more dangerous then having the knowledge of the dirty reality. Good Job
Hindu , you the best English Newspaper in India , Why don't you come to
North India so that more people can benefit.

from:  Vishal Rai
Posted on: May 10, 2012 at 03:12 IST

Wow! What an article. Articles like this clearly shows that there are
still Newspapers and journalists that care about the truth. It is an
honour to be a great fan of THE HINDU and an extreme privilege to notice
your dedication and honesty to print the facts and only the facts.
Thanks a ton.. :)

from:  Ganesh Patil
Posted on: May 10, 2012 at 03:00 IST

Bravo ! This article in Hindu exposes all,Seed Manufacturer,News paper,Govt.Officials and Govt.herself.
Will ther be any apology from any of these quarters? No.
Life goes on India.Politicians know people's memory is short.

from:  Ashok
Posted on: May 10, 2012 at 02:32 IST

Oh and please don't compare yourself with Times of India. They cannot be your competitors.

from:  Ankit Chandra
Posted on: May 10, 2012 at 02:21 IST

I am becoming despondent. What is the way out? Not only is this story showing us (yet again, and again) the barren and callous remorse-less, greedy attitude of Times Of India, but it also shows that there seems to be no hope! Should I just continue living in the US? coz it's just hopeless in India? Where there is always a greedy hyena waiting to suck off the last drop of blood off you? All this for only more profits?

from:  Ankit Chandra
Posted on: May 10, 2012 at 02:19 IST

well, ToI does it again, all so shamelessly.
..Thanks The Hindu to tell us all.

from:  Vignesh
Posted on: May 10, 2012 at 02:15 IST

Politicians, Government Officials,Bio and Agri Tech Scientists,
Universities and the Media put themselves at the service and interest,
by lobbying and promoting, GM corporations like Monsanto and, to the
detriment of not only growers but also the ecology and the general
health and well-being of the general populace. They are a cynical lot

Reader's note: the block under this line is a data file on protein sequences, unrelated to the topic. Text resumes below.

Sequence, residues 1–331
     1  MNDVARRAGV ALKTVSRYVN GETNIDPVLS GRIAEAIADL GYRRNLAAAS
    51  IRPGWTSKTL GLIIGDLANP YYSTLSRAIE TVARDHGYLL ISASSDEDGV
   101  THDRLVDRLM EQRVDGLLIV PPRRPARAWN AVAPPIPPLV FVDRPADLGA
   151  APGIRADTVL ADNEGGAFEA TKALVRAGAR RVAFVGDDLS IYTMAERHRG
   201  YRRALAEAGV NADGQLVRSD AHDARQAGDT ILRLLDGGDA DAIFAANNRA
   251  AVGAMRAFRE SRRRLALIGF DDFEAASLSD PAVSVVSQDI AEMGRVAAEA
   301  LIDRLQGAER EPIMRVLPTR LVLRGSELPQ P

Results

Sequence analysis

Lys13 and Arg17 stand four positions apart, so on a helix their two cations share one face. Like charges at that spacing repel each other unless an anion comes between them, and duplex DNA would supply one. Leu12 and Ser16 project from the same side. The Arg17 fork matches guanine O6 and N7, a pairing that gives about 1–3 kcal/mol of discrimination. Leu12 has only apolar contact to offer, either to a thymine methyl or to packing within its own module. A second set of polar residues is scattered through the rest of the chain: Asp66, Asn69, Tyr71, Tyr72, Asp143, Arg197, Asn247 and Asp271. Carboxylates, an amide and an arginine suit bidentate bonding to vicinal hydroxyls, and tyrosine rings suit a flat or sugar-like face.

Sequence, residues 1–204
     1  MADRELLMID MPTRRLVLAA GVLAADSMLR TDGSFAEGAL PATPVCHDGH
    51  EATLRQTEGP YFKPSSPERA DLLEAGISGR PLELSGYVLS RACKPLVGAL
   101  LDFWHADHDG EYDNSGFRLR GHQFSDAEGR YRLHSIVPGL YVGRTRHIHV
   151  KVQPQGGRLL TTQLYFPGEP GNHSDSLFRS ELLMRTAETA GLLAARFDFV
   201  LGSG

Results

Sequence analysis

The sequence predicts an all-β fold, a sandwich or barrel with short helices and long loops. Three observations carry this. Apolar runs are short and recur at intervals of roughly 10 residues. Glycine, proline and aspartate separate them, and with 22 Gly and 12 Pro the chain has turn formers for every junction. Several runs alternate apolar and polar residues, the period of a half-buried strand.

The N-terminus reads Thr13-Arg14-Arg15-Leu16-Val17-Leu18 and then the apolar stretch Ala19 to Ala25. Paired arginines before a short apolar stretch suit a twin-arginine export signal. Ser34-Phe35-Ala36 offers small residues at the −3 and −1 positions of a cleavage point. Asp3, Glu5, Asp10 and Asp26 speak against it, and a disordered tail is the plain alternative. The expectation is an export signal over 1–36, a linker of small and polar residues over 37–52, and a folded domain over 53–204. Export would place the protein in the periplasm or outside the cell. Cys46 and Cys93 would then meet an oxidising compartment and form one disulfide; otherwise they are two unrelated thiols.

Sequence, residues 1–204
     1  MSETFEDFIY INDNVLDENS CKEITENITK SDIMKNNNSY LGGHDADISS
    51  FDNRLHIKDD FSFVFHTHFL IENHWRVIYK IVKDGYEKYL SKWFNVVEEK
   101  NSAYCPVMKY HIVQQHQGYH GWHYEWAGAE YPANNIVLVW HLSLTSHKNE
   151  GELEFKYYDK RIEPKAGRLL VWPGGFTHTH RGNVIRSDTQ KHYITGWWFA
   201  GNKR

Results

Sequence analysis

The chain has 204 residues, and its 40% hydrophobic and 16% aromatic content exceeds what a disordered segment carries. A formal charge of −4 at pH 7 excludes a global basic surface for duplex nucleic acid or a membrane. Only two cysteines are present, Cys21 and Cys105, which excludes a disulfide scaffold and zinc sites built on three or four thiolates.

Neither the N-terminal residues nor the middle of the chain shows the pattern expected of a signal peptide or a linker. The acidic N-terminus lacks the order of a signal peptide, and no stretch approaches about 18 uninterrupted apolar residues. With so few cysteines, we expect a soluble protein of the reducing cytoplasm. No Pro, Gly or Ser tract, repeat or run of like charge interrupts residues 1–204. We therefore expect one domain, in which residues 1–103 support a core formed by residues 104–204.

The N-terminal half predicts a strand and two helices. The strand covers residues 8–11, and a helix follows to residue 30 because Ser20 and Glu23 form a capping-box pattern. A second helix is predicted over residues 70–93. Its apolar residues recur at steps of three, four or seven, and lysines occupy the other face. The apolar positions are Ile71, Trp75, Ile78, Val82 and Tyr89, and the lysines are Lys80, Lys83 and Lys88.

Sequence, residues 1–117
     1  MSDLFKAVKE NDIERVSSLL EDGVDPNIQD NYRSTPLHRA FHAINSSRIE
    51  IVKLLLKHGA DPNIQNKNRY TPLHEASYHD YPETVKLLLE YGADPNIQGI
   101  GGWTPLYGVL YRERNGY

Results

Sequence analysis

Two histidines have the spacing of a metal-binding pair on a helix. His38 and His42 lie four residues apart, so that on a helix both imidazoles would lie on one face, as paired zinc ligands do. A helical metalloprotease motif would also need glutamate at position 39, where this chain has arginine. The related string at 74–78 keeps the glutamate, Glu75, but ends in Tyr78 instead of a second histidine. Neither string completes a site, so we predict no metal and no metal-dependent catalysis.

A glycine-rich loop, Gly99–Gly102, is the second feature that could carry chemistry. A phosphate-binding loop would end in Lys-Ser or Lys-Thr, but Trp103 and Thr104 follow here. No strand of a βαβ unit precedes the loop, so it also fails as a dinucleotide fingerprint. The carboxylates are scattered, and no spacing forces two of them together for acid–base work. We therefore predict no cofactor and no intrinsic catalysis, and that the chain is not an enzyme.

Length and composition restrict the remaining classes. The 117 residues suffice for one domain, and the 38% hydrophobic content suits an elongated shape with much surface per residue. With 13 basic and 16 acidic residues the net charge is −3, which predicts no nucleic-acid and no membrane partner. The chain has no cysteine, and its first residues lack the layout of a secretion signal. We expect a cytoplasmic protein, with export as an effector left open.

and for a fistful of dollars are prepared to lie.
Just like in the USA the obfuscating revolving door of politicians,
government and corporations enforces GM introduction worldwide.
The lies told hide the aims and objectives of GM corporations which are
solely to control land, seed, fertilisers, pesticides to the detriment
of subsistence farmers/growers and for the sake of maximising profit.
Corporations are a capitalist construct out to lie and cheat for and in
the interest for themselves, their shareholders and fellow monopolist
corporations.

from:  Rajagopal Raman
Posted on: May 10, 2012 at 01:54 IST

Another top class piece of journalism by Shri P. Sainath. I am feeling mixed emotions though. The problems seem to be known to everyone for quite sometime and yet there seems to be inaction or even willful looking away for financial gains on the back of farmers committing suicides. One thought though - why not chuck the damn cotton away and find something that makes more sense given the local geography and offer better returns to farmers? Is this too simplistic?

from:  Mohit Bhushan
Posted on: May 10, 2012 at 01:24 IST

Good to read some true journalism investigation. Shame on those who sell the false information for the sake of money. Shame on Monsanto for altering reality and playing with poor farmers life. I believe TOI needs a self wakening. Continue the good work Hindu as long as there are these truth telling reports people will not loose faith on journalism.